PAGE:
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Wednesday, July 27, 2022

DCPS pours gas on its dumpster fire!

 I want to point out that the state has done DCPS and public ed no favors. A large amount of the blame for where we find ourselves should fall clearly on their shoulders. That being said, Greene shouldn't get a pass. Her "teachers are easily replaceable cogs" policies of the last few years have exacerbated a terrible situation, and she deserves criticism too. With that out of the way, let's try and come up with solutions that don't make teachers miserable and put more on their plates, or you, the only solutions that DCPS ever comes up with. 

First paras, my para can't cover my class when I am out; nope, I have to get a sub, or another teacher has to.  This has never made sense to me. We have a lot of excellent paras that could cover for a class or a day or heck in this climate where wives of veterans with 60 hours can be teachers, an extended time. Ask for volunteers and pay them a little more and, hopefully, more than whatever terrible stipend they give to teachers now is.   

Retired teachers, let's bring them back and set up packages. You commit to just one period a day, get this, two, you get more, and so on. With inflation, I am sure more than a couple might want a part-time job, but the thing is, we have to make sure all that extra stuff like common planning, complicated lesson plans, and all the other BS that really makes teachers hate their jobs, never gets on their plates. Remember, friends, we are doing triage here.

Then let's go to the colleges and bring in what few colleges of ed kids there are and offer them a similar deal. They might as well learn now, and easing into teaching may be a better plan than shoving them into the deep end and hoping for the best.

Finally, and this one makes me cringe a little bit, offer signing bonuses to teachers from the surrounding counties, and instead of sending them to where they are most needed, let them pick their spots. I get it, this will not help at all our neediest schools, but if it fills some slots, it's a win.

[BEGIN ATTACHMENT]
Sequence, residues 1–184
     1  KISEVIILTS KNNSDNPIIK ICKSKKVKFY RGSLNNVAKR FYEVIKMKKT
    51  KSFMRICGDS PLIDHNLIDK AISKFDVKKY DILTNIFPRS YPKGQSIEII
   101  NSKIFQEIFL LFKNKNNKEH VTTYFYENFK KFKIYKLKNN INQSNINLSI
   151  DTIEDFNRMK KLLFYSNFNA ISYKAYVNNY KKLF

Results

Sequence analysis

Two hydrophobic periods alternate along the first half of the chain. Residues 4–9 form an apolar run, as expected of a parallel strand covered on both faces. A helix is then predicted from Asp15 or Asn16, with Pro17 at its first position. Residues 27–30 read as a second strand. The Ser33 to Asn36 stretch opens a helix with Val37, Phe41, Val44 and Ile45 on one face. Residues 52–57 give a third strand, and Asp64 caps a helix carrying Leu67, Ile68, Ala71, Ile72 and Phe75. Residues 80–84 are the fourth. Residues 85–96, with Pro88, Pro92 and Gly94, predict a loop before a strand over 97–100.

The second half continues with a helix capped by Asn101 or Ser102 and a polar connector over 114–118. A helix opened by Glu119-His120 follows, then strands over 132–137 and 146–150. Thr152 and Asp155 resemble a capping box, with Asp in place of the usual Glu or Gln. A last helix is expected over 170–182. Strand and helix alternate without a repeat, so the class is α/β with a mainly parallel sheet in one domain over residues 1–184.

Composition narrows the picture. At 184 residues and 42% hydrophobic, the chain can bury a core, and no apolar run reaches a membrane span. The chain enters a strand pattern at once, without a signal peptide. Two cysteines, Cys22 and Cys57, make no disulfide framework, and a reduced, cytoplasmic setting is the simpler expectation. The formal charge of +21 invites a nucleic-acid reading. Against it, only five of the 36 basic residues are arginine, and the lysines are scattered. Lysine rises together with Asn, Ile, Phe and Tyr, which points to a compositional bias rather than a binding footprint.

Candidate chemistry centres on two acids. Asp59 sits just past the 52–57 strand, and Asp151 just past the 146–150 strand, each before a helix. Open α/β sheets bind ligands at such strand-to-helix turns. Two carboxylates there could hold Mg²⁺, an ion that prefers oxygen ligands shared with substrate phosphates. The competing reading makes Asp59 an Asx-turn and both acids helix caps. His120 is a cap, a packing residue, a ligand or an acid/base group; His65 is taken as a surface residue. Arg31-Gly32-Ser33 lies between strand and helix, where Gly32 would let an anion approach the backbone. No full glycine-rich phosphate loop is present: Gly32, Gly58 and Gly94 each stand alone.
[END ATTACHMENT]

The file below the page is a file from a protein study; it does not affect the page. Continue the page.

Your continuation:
I have to believe there are better solutions than jacking up class sizes, and nobody believes it will be just one or 2 kids here or there, putting more on teachers' plates and surplusing an unlucky amount to fill holes. What I don't believe is the district is trying to come up with them.

Any suggestions? Let me know, and in a day or two, I will compile them and send them to the district, where I am sure Greene will promptly ignore them. The thing is, I figure I can't just complain. I have to try and be part of the solution even though, as a teacher, I am always the last one asked.



  1. Transitioning from an A/B block schedule to a 7 period day requires fewer teachers at each school. Was this offered as an option to schools with vacancies? Was it ever discussed as a solution district-wide? If not, why not? Greene is lying about the small increases in class size. Most of us are seeing an increase in at least 5-7 students per period. Also, core teachers are now required to teach an elective class. Electives are exempt from the class size reduction amendment. One of my colleagues has been assigned an elective class with 120 students. I’m not sure what other solutions there might be, but I wouldn’t be surprised if teachers throughout the district show up on the first day of pre-planning and don’t show up come the first day of school.

    1. It’s definitely not going to be “one or two” per class. But, parents are going to believe it no matter what we say.

    2. 7 period days suck for teachers and students, in different ways, and don't really save teachers. They just load up teachers and students in different ways.

  2. As improbable (and impractical due to the fact that school starts in two weeks) as this suggestion might be, perhaps an emergency, temporary 4 day week for students would be in order. Hear me out: the levels (elementary, middle, high) would be “closed” one day per week and teachers could alternate and “sub” at different levels.
    For example: k-5 closed on Tuesday, middle on Wednesday, high on Thursday.
    I have a 6-12 SS cert and I teach high school. I’d be perfectly willing to sub at a middle school (even elementary), of my choice, on a Thursday when high schools are closed. There’s something like 42 high schools in Duval county. For round numbers, let’s say there are 50 per school. That frees up over 2,000 teachers to “float”.
    Now you’re only looking at a shortage for 3 days a week instead of 5.
    Teachers unwilling to float can conduct virtual classes. So, should a teacher at my high school that teaches my subject opt to stay on-site, my students could attend that class from home while I’m filling in elsewhere. What do my kids do if there is no virtual teacher available? I assign them work like I would if they had a sub (it’s not like most subs “teach” anyway).